Full article: https://www.autonews.com/shift/honda-ai-almost-gives-us-superpowers-build-inspect-cars
Artificial intelligence is working behind the scenes in the automotive industry, and not just to make autonomous driving decisions. As today's vehicles get more and more complicated to build, Honda is using AI in the design and testing stages as well as in vehicle inspection at the factory.
Honda made its AI stance clear at its booth at CES in Las Vegas in January, turning over a large portion of its space to companies that it is working with through the Honda Xcelerator program. Honda Xcelerator is a way for innovative startups to work with the automaker to "create transformative new technologies and businesses."
Dennis Clark, managing director of strategic venture partnerships at Honda Innovations, said Honda has designated a few factories around the world as test sites for this kind of technology, and that it is working with two startups that have an AI focus. The first is Monolith AI, which applies deep learning and AI to the design of parts, specifically CAD modeling. The second is UVeye, which applies vision machine learning to vehicle inspections.
"The idea for both of these technologies and the reason why we like them so much is they augment and help our workers in these environments to create better products," Clark said. "It's not about replacing a human being; it's about supplementing and augmenting their activities, and that's really where we see, as a company, the value of AI. It almost gives us superpowers."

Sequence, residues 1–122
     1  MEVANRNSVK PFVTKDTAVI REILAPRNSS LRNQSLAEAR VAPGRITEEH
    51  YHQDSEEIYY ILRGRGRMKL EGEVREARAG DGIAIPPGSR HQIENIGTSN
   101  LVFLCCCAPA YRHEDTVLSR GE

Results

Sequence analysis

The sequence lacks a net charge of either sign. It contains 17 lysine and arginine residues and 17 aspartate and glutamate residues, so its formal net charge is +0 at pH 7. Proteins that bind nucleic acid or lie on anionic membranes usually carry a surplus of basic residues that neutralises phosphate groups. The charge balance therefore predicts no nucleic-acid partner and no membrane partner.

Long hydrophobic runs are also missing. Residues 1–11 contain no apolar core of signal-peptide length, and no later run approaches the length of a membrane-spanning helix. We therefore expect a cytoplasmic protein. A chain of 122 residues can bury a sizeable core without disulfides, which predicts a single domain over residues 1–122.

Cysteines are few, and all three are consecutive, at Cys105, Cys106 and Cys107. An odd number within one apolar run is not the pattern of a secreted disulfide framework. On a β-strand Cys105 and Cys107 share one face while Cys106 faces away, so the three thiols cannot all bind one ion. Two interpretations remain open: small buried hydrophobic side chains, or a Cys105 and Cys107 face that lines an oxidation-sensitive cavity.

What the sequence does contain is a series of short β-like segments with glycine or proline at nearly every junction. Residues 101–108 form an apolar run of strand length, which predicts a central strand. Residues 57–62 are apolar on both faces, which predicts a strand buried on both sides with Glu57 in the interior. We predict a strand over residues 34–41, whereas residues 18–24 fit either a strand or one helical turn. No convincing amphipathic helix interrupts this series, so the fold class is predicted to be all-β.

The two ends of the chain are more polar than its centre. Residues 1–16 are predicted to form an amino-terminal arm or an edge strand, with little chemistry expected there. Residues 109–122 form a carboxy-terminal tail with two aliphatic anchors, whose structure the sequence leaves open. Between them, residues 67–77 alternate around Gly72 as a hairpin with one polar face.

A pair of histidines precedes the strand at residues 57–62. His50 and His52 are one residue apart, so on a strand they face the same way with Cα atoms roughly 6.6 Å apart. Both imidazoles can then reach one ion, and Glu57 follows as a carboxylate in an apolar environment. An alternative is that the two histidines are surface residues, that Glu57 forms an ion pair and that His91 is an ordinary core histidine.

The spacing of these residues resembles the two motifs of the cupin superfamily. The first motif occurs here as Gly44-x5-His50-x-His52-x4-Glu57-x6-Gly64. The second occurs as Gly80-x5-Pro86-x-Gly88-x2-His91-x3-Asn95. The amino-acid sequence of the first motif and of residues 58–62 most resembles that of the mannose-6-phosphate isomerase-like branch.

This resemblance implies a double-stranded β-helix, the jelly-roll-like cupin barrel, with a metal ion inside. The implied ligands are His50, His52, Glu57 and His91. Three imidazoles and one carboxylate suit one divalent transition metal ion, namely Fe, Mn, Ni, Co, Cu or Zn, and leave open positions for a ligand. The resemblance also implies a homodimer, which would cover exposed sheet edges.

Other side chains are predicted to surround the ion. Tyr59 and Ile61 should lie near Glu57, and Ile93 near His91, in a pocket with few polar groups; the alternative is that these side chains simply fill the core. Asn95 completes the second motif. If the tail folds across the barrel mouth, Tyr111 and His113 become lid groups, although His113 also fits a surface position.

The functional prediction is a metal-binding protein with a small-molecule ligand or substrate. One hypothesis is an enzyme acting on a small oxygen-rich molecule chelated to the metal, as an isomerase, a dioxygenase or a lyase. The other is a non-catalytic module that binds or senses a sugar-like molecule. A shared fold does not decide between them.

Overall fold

Since late 2019, Honda has been working on multiple, unnamed projects with Monolith AI. Monolith AI uses old Honda model design data to assist Honda engineers who are updating those models or working on new ones. Honda is not giving out concrete details about these projects, but Clark said even though the partnership is in the early stages, "we have seen some early positive results."
Joël Henry, Monolith's senior AI engineer, would also not give specific details about how his company works with Honda to shorten design cycle time. He did say, as a general example, that perhaps an engineer who would have had to spend eight hours checking a design for technical requirements in the past can now let the AI help with this work, automating the task thanks to machine learning algorithms. "This helps because [the engineer] will have more free time to think of innovation rather than checking things," he said.
UVeye's technology is also able to check for things — in this case defects or anomalies — as cars move down the production line. UVeye uses multiangle scanning technology to quickly build digital models of a vehicle or a part and then makes sure that there are no problems with those vehicles and parts as they are produced. The inspection system can be placed anywhere on the production line.
UVeye COO Ohad Hever said the company is working with a handful of OEMs that have been publicly named — including Volvo, Toyota, Daimler and Skoda — on top of "several discussions" that are ongoing. The Honda partnership is one of UVeye's biggest, Hever said.
"We can detect anomalies in the early stages, so they don't need to find it in the final stages and return the vehicle back," he said. "This is very helpful to them."
Hever said UVeye sets up its cameras and scanners based on customer needs, and since the system can learn almost instantly, it can start finding anomalies right away.
"All of the car manufacturers want to introduce new technology into their assembly lines," he said. "I think it's wonderful. For us, the more the merrier."